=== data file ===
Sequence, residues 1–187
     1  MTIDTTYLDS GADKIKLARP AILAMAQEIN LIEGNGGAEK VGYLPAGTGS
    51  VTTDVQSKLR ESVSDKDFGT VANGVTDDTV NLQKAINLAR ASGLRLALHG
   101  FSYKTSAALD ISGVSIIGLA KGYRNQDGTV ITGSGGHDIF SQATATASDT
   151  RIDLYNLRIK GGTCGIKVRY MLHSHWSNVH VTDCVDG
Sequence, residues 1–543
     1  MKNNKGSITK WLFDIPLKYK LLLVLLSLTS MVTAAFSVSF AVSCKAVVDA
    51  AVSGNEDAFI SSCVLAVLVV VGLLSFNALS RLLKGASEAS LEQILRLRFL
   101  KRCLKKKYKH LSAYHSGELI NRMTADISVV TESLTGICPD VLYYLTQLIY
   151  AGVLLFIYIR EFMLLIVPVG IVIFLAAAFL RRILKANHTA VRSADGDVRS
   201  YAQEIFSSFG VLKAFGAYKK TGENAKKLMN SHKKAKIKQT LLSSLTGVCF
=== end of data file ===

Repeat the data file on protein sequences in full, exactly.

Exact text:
Sequence, residues 1–187
     1  MTIDTTYLDS GADKIKLARP AILAMAQEIN LIEGNGGAEK VGYLPAGTGS
    51  VTTDVQSKLR ESVSDKDFGT VANGVTDDTV NLQKAINLAR ASGLRLALHG
   101  FSYKTSAALD ISGVSIIGLA KGYRNQDGTV ITGSGGHDIF SQATATASDT
   151  RIDLYNLRIK GGTCGIKVRY MLHSHWSNVH VTDCVDG
Sequence, residues 1–543
     1  MKNNKGSITK WLFDIPLKYK LLLVLLSLTS MVTAAFSVSF AVSCKAVVDA
    51  AVSGNEDAFI SSCVLAVLVV VGLLSFNALS RLLKGASEAS LEQILRLRFL
   101  KRCLKKKYKH LSAYHSGELI NRMTADISVV TESLTGICPD VLYYLTQLIY
   151  AGVLLFIYIR EFMLLIVPVG IVIFLAAAFL RRILKANHTA VRSADGDVRS
   201  YAQEIFSSFG VLKAFGAYKK TGENAKKLMN SHKKAKIKQT LLSSLTGVCF